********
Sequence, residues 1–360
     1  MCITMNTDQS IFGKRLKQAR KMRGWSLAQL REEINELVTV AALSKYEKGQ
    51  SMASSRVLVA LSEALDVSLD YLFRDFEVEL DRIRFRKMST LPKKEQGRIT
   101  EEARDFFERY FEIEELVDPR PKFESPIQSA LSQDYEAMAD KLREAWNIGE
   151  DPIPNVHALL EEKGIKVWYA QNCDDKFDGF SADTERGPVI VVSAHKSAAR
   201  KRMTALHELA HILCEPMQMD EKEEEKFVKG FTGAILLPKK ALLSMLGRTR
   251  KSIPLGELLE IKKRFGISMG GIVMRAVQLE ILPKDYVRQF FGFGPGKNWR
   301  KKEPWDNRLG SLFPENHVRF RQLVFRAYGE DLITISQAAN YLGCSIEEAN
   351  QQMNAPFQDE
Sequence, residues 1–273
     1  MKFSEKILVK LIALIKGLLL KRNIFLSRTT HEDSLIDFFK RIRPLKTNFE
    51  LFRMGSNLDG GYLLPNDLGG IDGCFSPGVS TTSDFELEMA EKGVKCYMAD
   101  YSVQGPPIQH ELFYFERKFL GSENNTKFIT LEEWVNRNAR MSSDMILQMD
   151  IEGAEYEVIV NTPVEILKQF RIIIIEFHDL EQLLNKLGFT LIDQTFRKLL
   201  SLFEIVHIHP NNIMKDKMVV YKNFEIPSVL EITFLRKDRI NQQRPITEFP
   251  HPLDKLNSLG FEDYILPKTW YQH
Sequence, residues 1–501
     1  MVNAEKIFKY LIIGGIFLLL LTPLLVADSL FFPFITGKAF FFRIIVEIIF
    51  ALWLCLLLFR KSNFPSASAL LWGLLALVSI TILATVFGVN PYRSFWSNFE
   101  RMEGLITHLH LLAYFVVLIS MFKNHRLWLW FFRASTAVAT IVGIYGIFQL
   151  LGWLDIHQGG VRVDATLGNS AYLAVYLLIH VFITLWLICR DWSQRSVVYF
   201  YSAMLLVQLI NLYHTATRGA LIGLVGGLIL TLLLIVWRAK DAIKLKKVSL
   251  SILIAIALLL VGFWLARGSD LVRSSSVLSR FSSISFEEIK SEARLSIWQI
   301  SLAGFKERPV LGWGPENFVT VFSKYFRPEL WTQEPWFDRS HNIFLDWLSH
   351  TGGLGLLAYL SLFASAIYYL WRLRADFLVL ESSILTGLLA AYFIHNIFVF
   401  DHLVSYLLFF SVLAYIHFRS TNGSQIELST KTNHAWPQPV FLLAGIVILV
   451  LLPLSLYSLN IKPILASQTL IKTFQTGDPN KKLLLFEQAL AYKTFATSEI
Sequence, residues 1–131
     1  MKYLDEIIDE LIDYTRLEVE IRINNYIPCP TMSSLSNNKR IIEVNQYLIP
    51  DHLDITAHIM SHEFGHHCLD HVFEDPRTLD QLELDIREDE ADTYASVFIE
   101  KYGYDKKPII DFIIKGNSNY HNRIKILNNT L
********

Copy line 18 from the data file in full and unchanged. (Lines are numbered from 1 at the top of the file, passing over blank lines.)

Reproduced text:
     1  MVNAEKIFKY LIIGGIFLLL LTPLLVADSL FFPFITGKAF FFRIIVEIIF